In 1848, workers constructing the new Coal Exchange in the City of London unearthed one of the best examples of Roman buildings found in the capital. Realizing the importance of what they had discovered, the Victorian Londoners preserved the remains in the cellar of the building. When the Coal Exchange was eventually demolished in the 1960s and replaced by a new building, further excavations were carried out, and the ruins were once more incorporated into a cellar.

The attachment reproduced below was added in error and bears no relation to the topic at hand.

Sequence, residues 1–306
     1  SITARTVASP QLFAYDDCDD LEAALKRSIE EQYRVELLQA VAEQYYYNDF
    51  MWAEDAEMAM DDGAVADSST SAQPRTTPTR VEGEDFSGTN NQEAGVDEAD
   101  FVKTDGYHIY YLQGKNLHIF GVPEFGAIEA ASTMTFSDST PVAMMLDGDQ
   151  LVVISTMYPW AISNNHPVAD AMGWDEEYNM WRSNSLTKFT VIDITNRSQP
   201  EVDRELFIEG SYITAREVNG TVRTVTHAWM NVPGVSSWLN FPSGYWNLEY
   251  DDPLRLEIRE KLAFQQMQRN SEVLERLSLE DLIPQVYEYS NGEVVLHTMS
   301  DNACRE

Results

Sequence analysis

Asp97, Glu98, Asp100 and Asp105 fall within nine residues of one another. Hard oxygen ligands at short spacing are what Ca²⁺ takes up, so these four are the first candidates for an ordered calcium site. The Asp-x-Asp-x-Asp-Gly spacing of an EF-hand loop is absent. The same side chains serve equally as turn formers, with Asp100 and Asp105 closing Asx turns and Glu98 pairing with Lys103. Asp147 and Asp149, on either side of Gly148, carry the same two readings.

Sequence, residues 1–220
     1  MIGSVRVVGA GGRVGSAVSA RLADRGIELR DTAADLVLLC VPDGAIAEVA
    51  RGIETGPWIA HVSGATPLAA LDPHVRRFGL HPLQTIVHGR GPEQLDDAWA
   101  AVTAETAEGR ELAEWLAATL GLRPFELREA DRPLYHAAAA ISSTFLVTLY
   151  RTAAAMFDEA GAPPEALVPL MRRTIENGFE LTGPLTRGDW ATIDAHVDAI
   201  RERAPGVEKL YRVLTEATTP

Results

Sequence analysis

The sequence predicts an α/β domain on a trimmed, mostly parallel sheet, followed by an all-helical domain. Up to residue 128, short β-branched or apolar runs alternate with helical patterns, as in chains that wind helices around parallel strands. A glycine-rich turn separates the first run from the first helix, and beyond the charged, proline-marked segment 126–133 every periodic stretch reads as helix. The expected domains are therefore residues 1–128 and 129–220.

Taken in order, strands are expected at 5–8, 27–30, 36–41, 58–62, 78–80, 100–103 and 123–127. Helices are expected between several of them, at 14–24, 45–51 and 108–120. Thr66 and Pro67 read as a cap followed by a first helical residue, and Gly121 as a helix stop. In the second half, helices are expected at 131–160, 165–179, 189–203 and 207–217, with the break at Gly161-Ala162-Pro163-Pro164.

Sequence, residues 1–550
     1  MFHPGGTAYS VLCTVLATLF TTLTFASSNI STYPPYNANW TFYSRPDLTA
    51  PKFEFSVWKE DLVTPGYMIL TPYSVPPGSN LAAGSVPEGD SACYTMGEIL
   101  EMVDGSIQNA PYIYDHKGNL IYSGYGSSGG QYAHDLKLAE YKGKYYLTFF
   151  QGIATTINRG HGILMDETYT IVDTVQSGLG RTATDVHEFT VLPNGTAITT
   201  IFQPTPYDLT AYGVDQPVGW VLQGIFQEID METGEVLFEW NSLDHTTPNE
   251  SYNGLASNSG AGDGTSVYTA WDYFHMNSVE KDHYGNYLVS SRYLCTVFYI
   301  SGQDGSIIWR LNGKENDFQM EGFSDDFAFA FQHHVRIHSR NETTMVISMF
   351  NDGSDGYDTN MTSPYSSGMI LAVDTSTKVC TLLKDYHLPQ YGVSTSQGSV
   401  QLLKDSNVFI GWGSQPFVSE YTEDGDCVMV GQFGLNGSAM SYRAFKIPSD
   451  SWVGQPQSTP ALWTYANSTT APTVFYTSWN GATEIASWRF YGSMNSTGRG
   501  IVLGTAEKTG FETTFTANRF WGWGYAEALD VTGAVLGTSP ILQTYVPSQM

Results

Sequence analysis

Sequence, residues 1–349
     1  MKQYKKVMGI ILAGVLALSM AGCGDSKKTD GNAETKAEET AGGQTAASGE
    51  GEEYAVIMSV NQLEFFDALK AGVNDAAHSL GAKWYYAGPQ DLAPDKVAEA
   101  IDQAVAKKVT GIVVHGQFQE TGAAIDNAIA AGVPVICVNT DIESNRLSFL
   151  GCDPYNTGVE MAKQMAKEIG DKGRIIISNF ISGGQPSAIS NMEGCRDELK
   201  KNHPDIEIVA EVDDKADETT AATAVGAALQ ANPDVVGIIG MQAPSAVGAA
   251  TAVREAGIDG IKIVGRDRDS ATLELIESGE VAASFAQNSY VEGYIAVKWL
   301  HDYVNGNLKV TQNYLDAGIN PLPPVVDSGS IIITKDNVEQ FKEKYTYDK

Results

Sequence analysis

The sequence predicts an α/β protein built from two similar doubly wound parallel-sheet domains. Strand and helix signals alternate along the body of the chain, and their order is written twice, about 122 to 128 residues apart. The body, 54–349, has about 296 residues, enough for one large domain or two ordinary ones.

Excavations determined that the Roman house was built in the late second century, and would once have looked out onto the Thames, the river back then being much wider than it is today. However, this pleasant view was eventually spoiled when riverside walls were constructed, and the house and its large courtyard were thus plunged into the shade for much of the day.
About the source: Atlas Obscura
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